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Protect Thousands of VMs and Your IT Budget


As organizations update their existing infrastructure – and design new infrastructure – to support on-premises or cloud data in Software Defined Data Centers (SDDC), their approach to data protection needs to be modernized. By deploying more virtual machines (VMs) as part of their virtualized software-defined environment, they’re able to achieve greater agility, flexibility and market speed. However, with this proliferation of new VMs comes potential for impact on production workloads and data protection operations.

In these new, hybrid environments, having a data protection approach that covers everything – on-premises, cloud, and hybrid – becomes crucial. But providing adequate protection and recovery for these mixed environments can also add unnecessary complexity. With the right tools and some best practices, you can optimize protection for your virtualized environment, and provide a solid foundation that will accommodate future growth and evolving technologies.

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As your VM environment expands, you need to minimize the impact of your protection operations on production workloads, while still meeting your SLAs and protection window. We will look at some best practices that can help you to optimize protection for your virtualized environment. This will allow you to offload data movement away from your production resources – reducing cost, accelerating recovery times, and increasing your capabilities – without introducing the typical risks associated with having unnecessary data exposure. Let’s look at some now:

  • Selecting the right data transport mode
  • Reducing impact on production workloads
  • Mitigating unnecessary risk
  • Reducing backup and restore windows
  • Maintaining SLAs while controlling costs
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To meet your required protection and recovery SLAs, it’s critical that you select the correct transport mode. For example, SAN and Hot Add transport modes can enable LAN-free data movement and are typically faster than local area network (LAN) operations using a network block device (NBD) or secure NBD (NBD-SSL). However, in many cases – because VMs can be categorized into different types based on their size, change rate, and business criticality – utilizing a mixture of techniques can ultimately be more effective.

  • Storage Area Network (SAN) Mode – This mode is supported for direct-connect storage using Fibre Channel (FC) or Internet SCSI (iSCSI) protocols. In SAN mode, a Virtual Server Agent and Media Agent are installed on the same physical computer, with a direct connection. This eliminates the need for data transfer over the LAN, and also provides the best performance for both backups and restores.
  • HotAdd Mode – Here the Virtual Server Agent is installed directly onto a virtual machine. HotAdd refers to the ability to dynamically add virtual or physical hardware to a running system without downtime. This mode can also eliminate the need for data transfer over the network during backup and restore processes.
  • Local Area Network (LAN) NBD and NBDSSL – When no other transport mode is available, storage applications can use LAN transport for data access, either NBD (network block device) or NBDSSL (encrypted). The Virtual Server Agent and MediaAgent are installed on different computers and communicate with each other over the network. The NBD transport method is built into the virtual disk library, is always available, and transmits data over TCP/IP.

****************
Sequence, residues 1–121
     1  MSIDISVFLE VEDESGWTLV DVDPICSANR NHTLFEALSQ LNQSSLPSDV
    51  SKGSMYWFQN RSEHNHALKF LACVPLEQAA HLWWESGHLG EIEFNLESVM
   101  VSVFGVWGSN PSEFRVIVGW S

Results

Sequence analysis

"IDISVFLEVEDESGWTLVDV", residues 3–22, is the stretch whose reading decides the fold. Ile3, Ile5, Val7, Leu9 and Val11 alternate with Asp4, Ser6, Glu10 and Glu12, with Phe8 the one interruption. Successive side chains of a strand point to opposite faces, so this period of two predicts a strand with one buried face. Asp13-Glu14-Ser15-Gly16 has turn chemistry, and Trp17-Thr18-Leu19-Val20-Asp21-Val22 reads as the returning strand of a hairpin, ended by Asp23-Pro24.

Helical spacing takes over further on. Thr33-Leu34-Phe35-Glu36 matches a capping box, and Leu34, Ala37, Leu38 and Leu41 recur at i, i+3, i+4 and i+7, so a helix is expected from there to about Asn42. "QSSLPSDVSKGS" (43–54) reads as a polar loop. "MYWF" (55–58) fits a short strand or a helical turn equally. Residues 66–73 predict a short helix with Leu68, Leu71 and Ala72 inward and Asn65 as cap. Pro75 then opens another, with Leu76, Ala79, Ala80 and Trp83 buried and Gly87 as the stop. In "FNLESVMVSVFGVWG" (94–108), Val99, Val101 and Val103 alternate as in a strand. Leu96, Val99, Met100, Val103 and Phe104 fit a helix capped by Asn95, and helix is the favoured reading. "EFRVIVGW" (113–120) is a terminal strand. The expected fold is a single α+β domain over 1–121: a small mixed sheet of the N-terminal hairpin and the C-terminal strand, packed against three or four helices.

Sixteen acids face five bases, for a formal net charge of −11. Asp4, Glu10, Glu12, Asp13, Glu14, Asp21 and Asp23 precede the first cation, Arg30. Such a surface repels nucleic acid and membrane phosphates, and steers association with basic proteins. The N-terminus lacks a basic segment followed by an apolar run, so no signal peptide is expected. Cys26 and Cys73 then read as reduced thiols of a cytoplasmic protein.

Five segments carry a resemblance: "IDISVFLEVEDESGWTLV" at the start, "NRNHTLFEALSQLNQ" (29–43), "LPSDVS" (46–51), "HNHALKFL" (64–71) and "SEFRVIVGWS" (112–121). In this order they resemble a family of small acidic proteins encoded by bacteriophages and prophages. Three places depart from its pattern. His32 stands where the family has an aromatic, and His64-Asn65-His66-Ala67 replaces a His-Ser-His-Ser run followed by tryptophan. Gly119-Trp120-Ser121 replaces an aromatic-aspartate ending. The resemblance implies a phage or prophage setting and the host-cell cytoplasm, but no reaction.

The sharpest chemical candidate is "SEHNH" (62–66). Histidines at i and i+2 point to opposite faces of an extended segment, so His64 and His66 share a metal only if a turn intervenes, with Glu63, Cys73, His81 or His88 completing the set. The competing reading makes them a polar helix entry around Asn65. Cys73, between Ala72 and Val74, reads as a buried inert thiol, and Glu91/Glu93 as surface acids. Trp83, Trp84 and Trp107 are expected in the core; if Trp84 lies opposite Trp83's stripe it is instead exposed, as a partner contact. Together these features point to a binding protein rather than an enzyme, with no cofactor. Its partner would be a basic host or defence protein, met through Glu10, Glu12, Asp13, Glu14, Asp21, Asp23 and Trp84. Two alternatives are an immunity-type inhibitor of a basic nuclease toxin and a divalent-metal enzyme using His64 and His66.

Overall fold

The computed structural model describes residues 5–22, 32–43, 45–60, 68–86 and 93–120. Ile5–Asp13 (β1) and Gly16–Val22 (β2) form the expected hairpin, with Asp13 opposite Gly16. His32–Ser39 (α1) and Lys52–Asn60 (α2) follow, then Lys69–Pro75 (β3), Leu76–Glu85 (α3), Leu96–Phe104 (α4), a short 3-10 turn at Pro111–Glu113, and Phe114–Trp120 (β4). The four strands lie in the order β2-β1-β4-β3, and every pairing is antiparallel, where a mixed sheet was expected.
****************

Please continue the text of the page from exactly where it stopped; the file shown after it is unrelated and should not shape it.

Because VMs can be categorized into different types based on their size, change rate, and business criticality – utilizing a mixture of transport mode techniques can ultimately be more effective.

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vSphere Storage APIs for Data Protection (VADP) is VMware’s data protection framework that enables backup products to do centralized, efficient, off-host LAN-free backup of vSphere virtual machines. This offloads backup processing from ESXi hosts and reduces costs by allowing each ESXi host to run more virtual machines.

Data protection for VADP leverages the snapshot capabilities of VMware vSphere to enable backup across SAN without requiring downtime for virtual machines. As a result, backups can be performed non-disruptively at any time of the day without requiring extended backup windows or the downtime to applications and users typically associated with backup windows.

Ongoing management and integration of snapshots can present the most significant challenge. If you’re like most, you’ll want to be able to convert as many manual, labor-intensive tasks as possible into automated, consistent, and repeatable procedures. When evaluating solutions, you’ll want to look for ways to reduce complexity and enable the management of your hardware and VMware snapshots as part of your overall strategy. With virtualization, you may still require some level of application integration to enable rapid, automated recovery of critical workloads within the virtual machine. In those scenarios, being able to incorporate database and application agents for granular item recovery is highly desirable.

Another key consideration is the ability to recover directly from hardware snapshots. This provides flexibility and enables aggressive Recovery Point Objectives (RPO) and Recovery Time Objectives (RTO). So, for flexibility and cost containment, a snapshot management solution that can support multiple vendors and multiple hypervisors – including cloud hypervisors and snapshots – is critical.